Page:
Secrets of Indie Filmmaking

Secrets of Indie Filmmaking: Casting Tips


And now, a few secrets of indie filmmaking that focus on casting this week.


TIP: Don’t cast your friends, unless your friends are really good actors. Going to state that again. Don’t cast your friends, unless your friends are really good actors.

TIP: There are loads of good actors out there who would really like the opportunity to work on a movie.  But you’re going to have to find them. Even if you don’t have the money to hire union actors, don’t despair…

TIP: … But don’t be lazy either. Put up casting notices in local acting schools. Go to small theatre.
(In fact you should be going to small theatre and screenings all the time, to see who is out there in your local theatre and film scene.)

TIP: If you’re really brave, put an ad in the local paper for an open casting call. If you cast a wide net like this, a lot of freaks will show up for an open call, sure. But we met one wonderful actor that we have continued to work with for 15 years as a result of our first and only open casting call.  One out of fifty.  But he showed up.  And we were really pleased with another five actors that we also ended up casting in our first original theatrical production.

TIP: At the audition, try to find the best actor, not just the actor who looks most like the picture you have in your head of the character.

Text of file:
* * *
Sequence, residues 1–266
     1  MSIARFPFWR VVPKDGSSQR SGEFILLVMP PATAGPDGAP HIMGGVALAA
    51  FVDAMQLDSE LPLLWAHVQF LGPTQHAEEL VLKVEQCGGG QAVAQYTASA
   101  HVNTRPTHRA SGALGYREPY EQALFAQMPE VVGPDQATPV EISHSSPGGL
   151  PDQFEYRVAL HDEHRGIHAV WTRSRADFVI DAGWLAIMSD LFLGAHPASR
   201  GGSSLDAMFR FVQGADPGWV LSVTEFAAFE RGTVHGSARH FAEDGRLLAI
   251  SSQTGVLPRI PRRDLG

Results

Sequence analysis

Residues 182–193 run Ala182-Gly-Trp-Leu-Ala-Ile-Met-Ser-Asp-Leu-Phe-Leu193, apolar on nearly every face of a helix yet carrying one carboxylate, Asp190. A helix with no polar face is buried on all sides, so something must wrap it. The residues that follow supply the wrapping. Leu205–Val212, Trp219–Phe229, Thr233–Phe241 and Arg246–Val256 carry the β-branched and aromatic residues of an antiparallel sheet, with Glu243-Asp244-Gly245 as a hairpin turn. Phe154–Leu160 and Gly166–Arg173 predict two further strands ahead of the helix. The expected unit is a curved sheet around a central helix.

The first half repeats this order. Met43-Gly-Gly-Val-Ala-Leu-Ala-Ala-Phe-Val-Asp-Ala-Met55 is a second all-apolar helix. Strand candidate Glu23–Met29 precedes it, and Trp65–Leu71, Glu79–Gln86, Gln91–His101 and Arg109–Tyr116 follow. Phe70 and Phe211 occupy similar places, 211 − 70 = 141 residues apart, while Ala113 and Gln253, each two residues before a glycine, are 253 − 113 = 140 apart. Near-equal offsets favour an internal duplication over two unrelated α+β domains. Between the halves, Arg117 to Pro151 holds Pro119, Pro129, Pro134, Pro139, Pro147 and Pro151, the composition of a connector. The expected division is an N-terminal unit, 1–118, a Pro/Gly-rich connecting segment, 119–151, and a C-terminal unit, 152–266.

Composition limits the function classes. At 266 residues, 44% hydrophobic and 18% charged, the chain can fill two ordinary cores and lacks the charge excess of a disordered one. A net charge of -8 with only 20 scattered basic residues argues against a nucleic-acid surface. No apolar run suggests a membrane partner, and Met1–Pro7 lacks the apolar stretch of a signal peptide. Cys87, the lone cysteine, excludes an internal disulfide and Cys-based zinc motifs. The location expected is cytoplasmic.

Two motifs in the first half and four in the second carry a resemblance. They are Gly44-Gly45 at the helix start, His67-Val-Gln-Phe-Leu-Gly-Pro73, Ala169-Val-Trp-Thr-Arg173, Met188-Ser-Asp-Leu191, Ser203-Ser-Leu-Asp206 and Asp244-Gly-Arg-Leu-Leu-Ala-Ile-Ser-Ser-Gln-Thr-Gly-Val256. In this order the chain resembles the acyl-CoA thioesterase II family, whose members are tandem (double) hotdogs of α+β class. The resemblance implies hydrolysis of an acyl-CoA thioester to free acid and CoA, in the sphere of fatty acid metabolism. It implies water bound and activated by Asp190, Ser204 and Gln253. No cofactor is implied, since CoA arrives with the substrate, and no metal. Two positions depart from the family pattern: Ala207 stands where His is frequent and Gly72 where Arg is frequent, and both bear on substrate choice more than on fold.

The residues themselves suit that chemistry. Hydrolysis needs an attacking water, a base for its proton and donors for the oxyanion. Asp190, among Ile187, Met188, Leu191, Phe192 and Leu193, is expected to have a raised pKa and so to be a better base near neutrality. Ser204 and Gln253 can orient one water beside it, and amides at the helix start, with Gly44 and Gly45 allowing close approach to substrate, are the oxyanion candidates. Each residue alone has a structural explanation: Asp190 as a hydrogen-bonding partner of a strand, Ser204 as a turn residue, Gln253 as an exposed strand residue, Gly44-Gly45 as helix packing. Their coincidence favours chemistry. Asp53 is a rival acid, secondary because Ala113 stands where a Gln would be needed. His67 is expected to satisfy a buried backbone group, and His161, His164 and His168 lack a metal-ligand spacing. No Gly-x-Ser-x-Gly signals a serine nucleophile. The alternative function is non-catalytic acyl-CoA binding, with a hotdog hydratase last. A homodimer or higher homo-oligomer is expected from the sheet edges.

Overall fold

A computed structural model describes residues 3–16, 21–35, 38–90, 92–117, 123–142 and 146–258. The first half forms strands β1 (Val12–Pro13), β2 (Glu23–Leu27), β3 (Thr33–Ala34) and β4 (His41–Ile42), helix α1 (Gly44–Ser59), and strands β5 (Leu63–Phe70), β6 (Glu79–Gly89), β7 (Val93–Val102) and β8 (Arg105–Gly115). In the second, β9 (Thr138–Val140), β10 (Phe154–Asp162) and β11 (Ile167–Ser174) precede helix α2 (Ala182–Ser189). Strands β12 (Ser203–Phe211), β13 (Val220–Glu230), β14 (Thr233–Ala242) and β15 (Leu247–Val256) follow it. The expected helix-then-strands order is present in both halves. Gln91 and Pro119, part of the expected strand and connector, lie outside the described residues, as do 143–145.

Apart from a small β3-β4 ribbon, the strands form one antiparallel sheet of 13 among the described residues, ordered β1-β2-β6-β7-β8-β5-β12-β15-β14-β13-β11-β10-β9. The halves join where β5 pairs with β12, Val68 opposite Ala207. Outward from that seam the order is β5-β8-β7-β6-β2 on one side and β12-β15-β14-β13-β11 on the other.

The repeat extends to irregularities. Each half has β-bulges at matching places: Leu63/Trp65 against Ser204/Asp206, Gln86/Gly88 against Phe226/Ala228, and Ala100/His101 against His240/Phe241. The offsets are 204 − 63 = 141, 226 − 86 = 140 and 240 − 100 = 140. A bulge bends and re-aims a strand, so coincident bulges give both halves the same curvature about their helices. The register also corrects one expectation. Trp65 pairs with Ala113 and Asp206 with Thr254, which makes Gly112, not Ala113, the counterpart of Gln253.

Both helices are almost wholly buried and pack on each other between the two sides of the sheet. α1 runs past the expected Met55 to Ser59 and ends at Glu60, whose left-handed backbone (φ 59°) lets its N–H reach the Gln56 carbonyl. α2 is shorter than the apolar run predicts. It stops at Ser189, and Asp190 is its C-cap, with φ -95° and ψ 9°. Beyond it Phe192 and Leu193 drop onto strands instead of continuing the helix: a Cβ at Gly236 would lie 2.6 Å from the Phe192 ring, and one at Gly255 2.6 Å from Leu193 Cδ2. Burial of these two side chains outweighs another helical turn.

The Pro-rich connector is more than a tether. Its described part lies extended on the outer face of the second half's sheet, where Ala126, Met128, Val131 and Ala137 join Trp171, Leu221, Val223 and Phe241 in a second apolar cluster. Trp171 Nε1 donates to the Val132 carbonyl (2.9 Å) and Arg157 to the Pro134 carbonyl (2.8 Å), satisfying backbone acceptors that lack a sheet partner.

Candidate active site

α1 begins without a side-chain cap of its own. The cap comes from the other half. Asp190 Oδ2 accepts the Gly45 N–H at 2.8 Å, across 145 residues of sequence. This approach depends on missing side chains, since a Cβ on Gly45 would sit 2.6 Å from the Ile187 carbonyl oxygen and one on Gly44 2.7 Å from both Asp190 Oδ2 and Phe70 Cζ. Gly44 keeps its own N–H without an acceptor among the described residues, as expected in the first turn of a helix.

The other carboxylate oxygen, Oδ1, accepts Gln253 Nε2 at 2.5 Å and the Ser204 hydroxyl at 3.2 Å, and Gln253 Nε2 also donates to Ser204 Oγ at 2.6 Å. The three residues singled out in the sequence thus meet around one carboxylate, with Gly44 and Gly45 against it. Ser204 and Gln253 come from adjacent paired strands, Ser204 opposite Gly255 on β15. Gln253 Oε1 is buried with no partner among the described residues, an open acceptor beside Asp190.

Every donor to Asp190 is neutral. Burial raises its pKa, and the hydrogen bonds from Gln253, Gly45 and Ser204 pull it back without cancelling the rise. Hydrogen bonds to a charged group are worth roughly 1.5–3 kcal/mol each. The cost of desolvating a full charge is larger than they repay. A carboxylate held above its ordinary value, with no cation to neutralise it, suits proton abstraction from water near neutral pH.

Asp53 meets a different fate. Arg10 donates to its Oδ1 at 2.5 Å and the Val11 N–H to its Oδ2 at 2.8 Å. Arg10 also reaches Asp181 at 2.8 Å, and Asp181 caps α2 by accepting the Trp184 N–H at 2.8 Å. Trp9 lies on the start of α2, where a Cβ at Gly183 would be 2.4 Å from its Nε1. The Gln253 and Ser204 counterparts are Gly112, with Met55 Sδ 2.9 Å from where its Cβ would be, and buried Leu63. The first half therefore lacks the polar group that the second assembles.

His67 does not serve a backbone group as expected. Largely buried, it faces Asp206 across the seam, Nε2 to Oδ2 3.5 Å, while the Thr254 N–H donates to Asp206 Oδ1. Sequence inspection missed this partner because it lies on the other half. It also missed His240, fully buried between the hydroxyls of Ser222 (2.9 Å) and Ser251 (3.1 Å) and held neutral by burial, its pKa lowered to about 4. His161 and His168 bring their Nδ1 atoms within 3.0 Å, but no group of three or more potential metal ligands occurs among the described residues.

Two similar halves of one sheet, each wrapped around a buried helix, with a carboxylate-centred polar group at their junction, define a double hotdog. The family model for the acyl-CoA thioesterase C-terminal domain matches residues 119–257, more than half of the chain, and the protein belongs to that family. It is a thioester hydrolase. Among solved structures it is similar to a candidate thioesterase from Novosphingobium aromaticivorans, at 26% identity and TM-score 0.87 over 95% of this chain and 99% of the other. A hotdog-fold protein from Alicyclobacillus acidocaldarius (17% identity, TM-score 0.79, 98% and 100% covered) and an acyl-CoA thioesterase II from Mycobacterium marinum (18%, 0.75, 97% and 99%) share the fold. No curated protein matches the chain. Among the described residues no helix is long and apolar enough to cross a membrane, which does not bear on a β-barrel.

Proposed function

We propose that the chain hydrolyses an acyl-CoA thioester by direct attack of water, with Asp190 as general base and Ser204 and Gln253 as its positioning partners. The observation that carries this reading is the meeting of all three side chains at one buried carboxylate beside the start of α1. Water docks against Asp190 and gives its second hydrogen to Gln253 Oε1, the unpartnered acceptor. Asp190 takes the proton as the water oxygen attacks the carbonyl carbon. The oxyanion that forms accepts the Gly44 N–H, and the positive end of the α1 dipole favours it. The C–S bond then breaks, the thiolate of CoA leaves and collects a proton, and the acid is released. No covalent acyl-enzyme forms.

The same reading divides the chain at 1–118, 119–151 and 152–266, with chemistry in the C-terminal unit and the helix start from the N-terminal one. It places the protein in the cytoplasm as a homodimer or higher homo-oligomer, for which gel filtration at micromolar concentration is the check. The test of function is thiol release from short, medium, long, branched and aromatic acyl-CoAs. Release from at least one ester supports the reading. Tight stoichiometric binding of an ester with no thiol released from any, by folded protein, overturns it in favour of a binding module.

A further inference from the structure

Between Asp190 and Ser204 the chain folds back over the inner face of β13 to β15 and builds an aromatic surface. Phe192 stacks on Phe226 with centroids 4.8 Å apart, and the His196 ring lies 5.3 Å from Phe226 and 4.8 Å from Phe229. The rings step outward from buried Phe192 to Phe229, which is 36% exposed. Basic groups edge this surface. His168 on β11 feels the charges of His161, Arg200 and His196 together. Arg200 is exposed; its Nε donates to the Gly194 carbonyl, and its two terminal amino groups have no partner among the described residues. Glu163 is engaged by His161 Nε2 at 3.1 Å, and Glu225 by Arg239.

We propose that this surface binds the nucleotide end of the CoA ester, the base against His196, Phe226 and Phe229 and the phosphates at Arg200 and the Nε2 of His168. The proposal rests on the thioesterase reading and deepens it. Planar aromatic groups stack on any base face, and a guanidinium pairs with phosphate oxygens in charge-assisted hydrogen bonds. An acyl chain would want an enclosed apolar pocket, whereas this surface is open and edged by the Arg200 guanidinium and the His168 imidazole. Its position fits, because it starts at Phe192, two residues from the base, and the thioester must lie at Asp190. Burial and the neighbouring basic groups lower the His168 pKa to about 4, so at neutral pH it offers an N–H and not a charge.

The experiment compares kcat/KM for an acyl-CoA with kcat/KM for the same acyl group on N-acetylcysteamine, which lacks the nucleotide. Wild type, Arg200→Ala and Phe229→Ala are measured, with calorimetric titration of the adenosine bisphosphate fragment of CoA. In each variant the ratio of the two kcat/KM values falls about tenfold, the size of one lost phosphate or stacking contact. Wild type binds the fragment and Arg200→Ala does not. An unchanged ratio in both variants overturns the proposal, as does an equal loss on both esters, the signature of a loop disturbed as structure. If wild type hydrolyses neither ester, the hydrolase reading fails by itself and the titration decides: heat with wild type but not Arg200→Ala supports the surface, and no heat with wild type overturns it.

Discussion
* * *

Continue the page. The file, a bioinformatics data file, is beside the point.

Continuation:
Seems obvious I know, but we’re amazed at how often we hear independent film casting horror stories – that are the fault of the director or producer. Cast the best person at the audition, not the best picture of what you had in your head.

We’re begging you, keep your mind as open as possible, because someone who doesn’t look exactly “right” may bring qualities you never imagined to the part, potentially great stuff.

How many times have you heard people say “I can’t imagine anyone else in that part”? That’s fine for audience members of finished films, not directors or producers in pre-production. You think Judy Garland is Dorothy, right? The studio wanted Shirley Temple.

Think about how brilliant Al Pacino was in ‘The Godfather’. The director had to convince the studio to cast Pacino, who wanted Robert Redford. Pacino was different. Pacino was what no one knew they were looking for, until they saw it.

Being an indie filmmaker without money is liberating. You don’t have to answer to a studio or deal with the politics of agencies packaging their clients all together in one film. You can find actors who are dedicated to their craft as you are to yours, because you’re working together on a film you really want to make.

Because God knows, if you’re independent, you aren’t doing it for the money.

We’ll come back to casting again in subsequent posts, so for now I’ll leave you with this:
The character of Ripley in ‘Alien’ was originally written for a man, but Ridley Scott instead cast Sigourney Weaver.  I doubt the ‘Alien’ series would have been nearly as successful or memorable with a male actor.

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